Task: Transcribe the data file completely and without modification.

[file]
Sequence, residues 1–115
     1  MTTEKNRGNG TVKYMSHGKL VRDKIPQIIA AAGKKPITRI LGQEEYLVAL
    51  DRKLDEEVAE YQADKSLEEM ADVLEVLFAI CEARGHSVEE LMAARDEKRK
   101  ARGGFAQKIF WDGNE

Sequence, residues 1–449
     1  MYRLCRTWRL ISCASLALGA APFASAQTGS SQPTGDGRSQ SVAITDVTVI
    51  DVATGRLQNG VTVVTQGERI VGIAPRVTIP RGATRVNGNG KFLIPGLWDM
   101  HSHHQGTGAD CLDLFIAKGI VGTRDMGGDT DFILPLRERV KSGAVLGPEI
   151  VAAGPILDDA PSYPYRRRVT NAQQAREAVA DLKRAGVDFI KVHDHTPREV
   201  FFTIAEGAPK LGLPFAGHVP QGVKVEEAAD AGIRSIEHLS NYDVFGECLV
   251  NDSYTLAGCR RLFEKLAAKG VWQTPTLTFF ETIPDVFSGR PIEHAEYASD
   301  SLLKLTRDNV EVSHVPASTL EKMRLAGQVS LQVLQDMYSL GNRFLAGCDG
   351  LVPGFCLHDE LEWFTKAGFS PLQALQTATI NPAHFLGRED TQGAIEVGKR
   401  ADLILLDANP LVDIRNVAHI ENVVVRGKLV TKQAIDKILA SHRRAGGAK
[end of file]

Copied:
Sequence, residues 1–115
     1  MTTEKNRGNG TVKYMSHGKL VRDKIPQIIA AAGKKPITRI LGQEEYLVAL
    51  DRKLDEEVAE YQADKSLEEM ADVLEVLFAI CEARGHSVEE LMAARDEKRK
   101  ARGGFAQKIF WDGNE

Sequence, residues 1–449
     1  MYRLCRTWRL ISCASLALGA APFASAQTGS SQPTGDGRSQ SVAITDVTVI
    51  DVATGRLQNG VTVVTQGERI VGIAPRVTIP RGATRVNGNG KFLIPGLWDM
   101  HSHHQGTGAD CLDLFIAKGI VGTRDMGGDT DFILPLRERV KSGAVLGPEI
   151  VAAGPILDDA PSYPYRRRVT NAQQAREAVA DLKRAGVDFI KVHDHTPREV
   201  FFTIAEGAPK LGLPFAGHVP QGVKVEEAAD AGIRSIEHLS NYDVFGECLV
   251  NDSYTLAGCR RLFEKLAAKG VWQTPTLTFF ETIPDVFSGR PIEHAEYASD
   301  SLLKLTRDNV EVSHVPASTL EKMRLAGQVS LQVLQDMYSL GNRFLAGCDG
   351  LVPGFCLHDE LEWFTKAGFS PLQALQTATI NPAHFLGRED TQGAIEVGKR
   401  ADLILLDANP LVDIRNVAHI ENVVVRGKLV TKQAIDKILA SHRRAGGAK